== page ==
Diet/ Food

Zimbabwe, a great food destination

I recently got back from a great holiday, where I blogged (first at Africaontheblog) on location in Harare, the capital city of Zimbabwe enjoying a good catch up with food, family and friends. Here’s what I shared.


Things seem pretty ordinary here despite complaints that the economy has gone down way below rock bottom since the latest elections. Upon examining this report closely, I must admit that life just seems to keep ticking along and people simply make adjustments to survive.

A person is spoiled for choice on things to do here. And there is absolutely nothing that you would expect in a first world city that you wouldn’t find here. The services you find here are second to none, from luxurious spa treatments with high grade staff at The Skin Spa, to Zumba classes with your choice of bollywood style, or rumba (zumba4zim). With a great number of places to go out to, such as Maestro or Circle night club for a hip night out, or the vast number of quaint coffee shops, you are not likely to fall short of places to go, budget permitting. What strikes me most about the local definition of “worse than rock bottom” is what has always rung through about the resilience of Zimbabweans. Clearly they just want to get on with life, and so they just do it. Here are examples of how and perhaps maybe why Zimbabweans get on with it


Local/indigenous produce 

Well, it is December and what this means is that local or indigenous foods, fresh, dried or preserved are in abundance and are quite affordable.

 Mazhanje  (sugar plum)

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This fruit grows in abundance naturally and is in season from November throughout the rainy December and January. I was keen to make jam out of these but my attempt resulted in an epic fail.

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The skins are just not good for jamming as the result is an awful sensation of bitter grit and unripened fruit residue, which means to get the pulp requires painstaking scooping and patience. I will have to give it another go next time. My mother in law tells me with such fruit in abundance, people can still nourish themselves during hard times thus indigenous produce provides some form of food security.


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These are known as Mopane worms in English, widely known as just “phane” in Botswana. These are not actually worms but caterpillars that flourish on mopane trees. They are normally harvested, squeezed and sun dried. They are then eaten as a snack or soaked to rehydrate then grilled or stewed. They are highly nutritious. A little bit of research has led me to find some eat them freshly harvested off the trees. If this isn’t enough to make you squeamish, why don’t you go ahead and contact My Burnt Orange, who can arrange for you to have this gastro naturo experience right here in London.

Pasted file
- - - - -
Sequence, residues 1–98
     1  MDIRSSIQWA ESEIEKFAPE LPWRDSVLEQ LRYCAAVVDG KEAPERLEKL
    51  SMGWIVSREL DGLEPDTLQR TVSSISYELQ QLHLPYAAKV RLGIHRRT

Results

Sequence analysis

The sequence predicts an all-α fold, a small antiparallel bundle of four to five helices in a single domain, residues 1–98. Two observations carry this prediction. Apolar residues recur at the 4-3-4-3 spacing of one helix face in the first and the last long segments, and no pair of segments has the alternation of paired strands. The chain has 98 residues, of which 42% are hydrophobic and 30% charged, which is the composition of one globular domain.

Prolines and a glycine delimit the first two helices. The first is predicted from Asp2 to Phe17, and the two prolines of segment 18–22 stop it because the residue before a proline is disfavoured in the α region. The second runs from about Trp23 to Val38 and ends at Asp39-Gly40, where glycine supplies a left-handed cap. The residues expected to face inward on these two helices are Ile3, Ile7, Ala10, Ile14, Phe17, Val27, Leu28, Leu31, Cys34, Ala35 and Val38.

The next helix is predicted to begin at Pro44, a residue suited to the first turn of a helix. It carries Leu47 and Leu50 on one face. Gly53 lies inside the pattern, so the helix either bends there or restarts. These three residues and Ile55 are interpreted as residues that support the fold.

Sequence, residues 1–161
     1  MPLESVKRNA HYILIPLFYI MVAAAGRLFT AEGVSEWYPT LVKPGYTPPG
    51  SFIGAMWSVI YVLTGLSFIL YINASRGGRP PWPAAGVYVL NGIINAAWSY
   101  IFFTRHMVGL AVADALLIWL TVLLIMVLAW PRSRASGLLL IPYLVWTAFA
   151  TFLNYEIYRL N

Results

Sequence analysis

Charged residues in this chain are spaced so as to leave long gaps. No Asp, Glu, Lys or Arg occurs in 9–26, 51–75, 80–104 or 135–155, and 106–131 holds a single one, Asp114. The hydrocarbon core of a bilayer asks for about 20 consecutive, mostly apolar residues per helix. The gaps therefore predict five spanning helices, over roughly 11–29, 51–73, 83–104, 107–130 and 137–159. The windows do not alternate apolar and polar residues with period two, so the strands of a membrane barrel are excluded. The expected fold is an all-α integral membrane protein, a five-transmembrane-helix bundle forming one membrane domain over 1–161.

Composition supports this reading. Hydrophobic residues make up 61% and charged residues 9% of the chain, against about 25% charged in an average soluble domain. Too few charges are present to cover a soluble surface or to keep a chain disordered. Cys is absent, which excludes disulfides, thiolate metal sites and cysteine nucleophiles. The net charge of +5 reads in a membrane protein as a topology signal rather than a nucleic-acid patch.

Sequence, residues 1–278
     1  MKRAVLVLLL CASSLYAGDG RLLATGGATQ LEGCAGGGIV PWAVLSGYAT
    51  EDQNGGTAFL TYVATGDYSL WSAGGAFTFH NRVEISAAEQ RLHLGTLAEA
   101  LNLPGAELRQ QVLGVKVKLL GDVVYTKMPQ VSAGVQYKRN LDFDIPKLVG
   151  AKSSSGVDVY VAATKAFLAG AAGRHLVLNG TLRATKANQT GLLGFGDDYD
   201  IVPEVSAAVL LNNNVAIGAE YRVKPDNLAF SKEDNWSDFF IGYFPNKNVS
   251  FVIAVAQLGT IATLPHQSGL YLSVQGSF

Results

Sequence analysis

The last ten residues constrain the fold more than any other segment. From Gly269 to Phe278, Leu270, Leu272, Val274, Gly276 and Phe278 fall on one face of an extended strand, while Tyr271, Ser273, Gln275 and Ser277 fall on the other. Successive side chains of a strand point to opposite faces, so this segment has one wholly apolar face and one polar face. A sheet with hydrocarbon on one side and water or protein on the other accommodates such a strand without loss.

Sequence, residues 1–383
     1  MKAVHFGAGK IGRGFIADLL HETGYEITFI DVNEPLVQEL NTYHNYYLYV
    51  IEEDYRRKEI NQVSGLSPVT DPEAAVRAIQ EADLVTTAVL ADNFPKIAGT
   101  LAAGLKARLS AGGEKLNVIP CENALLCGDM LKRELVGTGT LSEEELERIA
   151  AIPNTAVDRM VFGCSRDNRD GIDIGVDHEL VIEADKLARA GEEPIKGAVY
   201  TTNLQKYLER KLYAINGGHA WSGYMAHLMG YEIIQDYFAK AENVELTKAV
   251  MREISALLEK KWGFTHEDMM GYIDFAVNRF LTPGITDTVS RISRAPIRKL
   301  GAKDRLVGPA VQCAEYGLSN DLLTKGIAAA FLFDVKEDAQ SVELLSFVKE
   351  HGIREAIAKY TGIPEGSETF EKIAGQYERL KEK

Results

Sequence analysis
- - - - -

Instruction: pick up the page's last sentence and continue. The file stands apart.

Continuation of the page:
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If you like the taste of fish sauce, belacan or any stinky fish, you will love these dried salted little swimmers. I ground these in a blender to use as a substitute ingredient for my shito recipe. It was great, a tad on the salty side, but it worked especially if dried/smoked crayfish is not locally available. Alternatively,  kapenta is also enjoyed fresh and stewed with sadza (pap, polenta), or the dried version soaked to de-salt and rehydrate and then stewed.


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Now I got over excited when I smelled these fragrant peppers. They are just like “kpakpo shito” which has got much prevalence in Ghanaian cuisine. These may not be an original Zimbabwean delight but an import from many Zimbabweans of Malawian origin.

Eating out and entertainment

Daytime Cafes

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In terms of coffee and cake or breakfast with tea, I was spoiled for choice. I got to enjoy a cuppa or brunch at several places.  Freshly Ground at Sam Levy’s Village was just OK, we only went there because Pistachios had not opened yet. Then there was Alo Alo in Arundel Village. It was filled with bone China and everything you would hope to find delightful. It was very quaint. But what really took the cake for me was Cafe Nush Organik’s. The service was amazing and that is just what makes an experience unforgettable. One other place I just managed to get time for was Willowmead  Junction. Absolutely stunning place.

Night life

I really like to take it easy but seeing as I was enjoying the city of Harare during the festive season, I went out a couple of times. Maestro seems to be the fab hip place to be for the calm and collected. It is a restaurant of international standards and even delights its patrons with live music. It most definitely is a place to catch up with friends and good conversation over a glass of wine. Circle was the spot to be on New Year’s eve, the VIP section that is. Great music, great atmosphere, cool people. I even got my required dose of azonto.

There is so much more to write about Harare, I didn’t even cover the food lovers market but I will leave it here with a final thought, that this is a world class city whose roads may fall apart every now and again as they all do, but with a people so robust they can withstand anything, their spirits will never be broken.

Sarai zvakanaka (Shona – stay well)

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